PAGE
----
Firms not clear enough on charges and services

The review into disclosure by financial advisers found that 73% of firms are failing to provide the required information on the cost of advice.

Clive Adamson, director of supervision at FCA, said: “RDR has involved a major change to the investment advice landscape.

“Whilst we have seen a lot of positive progress and willingness by advisors to adapt to the new environment, I am disappointed with the results of our latest review looking at whether advisers are clear with their customers on costs and services provided.

“We will be helping the industry again to understand our requirements with the release of a video guide but these results are a wake-up call and we expect the industry to respond.”

The latest review is the second of a three-cycle assessment of how firms implement the disclosure components of the Retail Distribution Review.

The RDR, which was introduced at the beginning of 2013, demands new disclosure requirements in order to improve transparency for consumers.

The objective is to ensure that consumers have the necessary information needed to make informed decisions and are clear on the costs and services of advisory firms to improve competition in the market.

The first cycle of the three-stage review was published in July 2013 and found that progress had been made, with a general willingness from firms to adapt to new rules.

However, several common issues were found and further examples of good and poor practice have been created to aid firms.

Despite the latest research and the straightforward nature of the new requirements, there are still issues which remain.

In particular the second-cycle found that:

• 58% of firms failed to give clients clear upfront generic information on how much their advice might cost.

• 50% of firms failed to give clients clear confirmation on how much advice would cost them as individuals.

• 58% of firms failed to give additional information on charges. For example, not highlighting that on-going charges may fluctuate.

• 31% of firms offering a ‘restricted’ service (they cannot advise on the full range of financial products and providers available) were not being clear they were restricted, or the nature of the restriction.

• 34% of firms failed to give clients a clear explanation of the service they offer in return for an ongoing fee and/or their right to cancel this service.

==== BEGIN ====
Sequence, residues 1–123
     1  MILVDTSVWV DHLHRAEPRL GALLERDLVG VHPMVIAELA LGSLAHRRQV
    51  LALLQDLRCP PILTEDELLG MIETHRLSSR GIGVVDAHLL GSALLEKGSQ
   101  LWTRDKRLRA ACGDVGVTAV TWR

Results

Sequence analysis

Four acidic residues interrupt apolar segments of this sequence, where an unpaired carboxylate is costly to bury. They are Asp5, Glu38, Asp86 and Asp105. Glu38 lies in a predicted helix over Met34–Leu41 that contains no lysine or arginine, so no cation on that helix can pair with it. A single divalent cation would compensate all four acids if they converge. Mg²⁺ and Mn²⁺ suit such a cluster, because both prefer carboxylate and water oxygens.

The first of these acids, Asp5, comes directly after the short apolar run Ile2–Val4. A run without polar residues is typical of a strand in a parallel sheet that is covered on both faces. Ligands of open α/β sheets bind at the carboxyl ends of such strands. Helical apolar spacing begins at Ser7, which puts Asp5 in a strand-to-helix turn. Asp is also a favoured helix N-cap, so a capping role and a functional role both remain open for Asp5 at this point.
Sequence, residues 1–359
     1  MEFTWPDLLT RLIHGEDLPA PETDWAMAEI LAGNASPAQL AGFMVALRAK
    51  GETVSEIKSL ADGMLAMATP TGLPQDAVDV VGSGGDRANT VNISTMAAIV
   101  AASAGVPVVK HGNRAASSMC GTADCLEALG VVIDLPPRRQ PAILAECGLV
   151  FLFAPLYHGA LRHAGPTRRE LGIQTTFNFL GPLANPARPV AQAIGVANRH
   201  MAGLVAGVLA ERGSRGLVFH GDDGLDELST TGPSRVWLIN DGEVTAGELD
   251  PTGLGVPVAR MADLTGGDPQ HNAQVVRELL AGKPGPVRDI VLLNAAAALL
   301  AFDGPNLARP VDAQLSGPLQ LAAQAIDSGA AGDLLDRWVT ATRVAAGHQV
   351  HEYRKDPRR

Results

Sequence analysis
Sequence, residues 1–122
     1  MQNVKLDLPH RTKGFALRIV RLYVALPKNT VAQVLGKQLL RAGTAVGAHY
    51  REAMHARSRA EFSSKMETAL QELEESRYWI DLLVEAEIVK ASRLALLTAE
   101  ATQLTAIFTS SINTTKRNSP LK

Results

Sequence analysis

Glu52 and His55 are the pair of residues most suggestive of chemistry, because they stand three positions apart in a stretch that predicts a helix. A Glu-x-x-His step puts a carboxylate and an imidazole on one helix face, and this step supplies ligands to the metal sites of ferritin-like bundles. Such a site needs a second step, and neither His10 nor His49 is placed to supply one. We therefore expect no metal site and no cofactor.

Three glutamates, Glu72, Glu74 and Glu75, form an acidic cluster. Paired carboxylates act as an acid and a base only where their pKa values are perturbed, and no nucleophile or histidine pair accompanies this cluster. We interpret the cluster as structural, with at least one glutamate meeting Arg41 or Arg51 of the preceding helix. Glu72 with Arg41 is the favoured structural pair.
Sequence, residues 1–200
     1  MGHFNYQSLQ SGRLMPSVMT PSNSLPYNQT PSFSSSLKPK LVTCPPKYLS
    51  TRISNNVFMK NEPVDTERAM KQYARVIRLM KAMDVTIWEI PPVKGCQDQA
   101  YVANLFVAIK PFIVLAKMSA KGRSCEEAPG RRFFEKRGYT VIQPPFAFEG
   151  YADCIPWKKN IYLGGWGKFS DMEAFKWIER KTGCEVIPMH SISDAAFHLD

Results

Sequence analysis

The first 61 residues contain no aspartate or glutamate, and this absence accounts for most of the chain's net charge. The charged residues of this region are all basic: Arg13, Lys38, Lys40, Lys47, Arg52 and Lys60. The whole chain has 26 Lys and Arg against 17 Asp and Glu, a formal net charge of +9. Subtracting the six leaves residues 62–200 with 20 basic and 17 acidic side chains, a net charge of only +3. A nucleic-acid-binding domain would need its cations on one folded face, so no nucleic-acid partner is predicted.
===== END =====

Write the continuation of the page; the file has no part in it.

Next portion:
The failings appear to be widespread across the industry; however wealth managers and private banks performed poorer than other firms in nearly all aspects.

These failings suggest that some consumers are unaware, or have been misled in relation to the cost of advice (both initial and ongoing), the type of service offered by a firm, the nature of a firm’s restriction (when applicable), or the service they can expect to receive in return for the on-going fee.

The third cycle review will commence in the third quarter of 2014.

If firms are found to be continually failing in their compliance with rules on disclosure, the FCA has stated that it will consider further regulatory action, including referrals to enforcement.

Despite the warning issued by the FCA, it is unlikely that two firms with substantial failings uncovered in the second cycle will be referred to the FCA’s Enforcement and Financial Crime Division.

One firm in question is from the financial advisory sector, whilst the other is a wealth management firm.

Several new tools are now available to firms, including examples of good and poor practice and a fact sheet, all of which were published in 2013.

The FCA has produced a new video providing an overview of the key disclosure requirements to aid firms further.

As part of the review into disclosure, the FCA has looked into how advisory firms that describe themselves as independent were using the label.

These results were published separately in March and found that most firms are using the independent label accurately.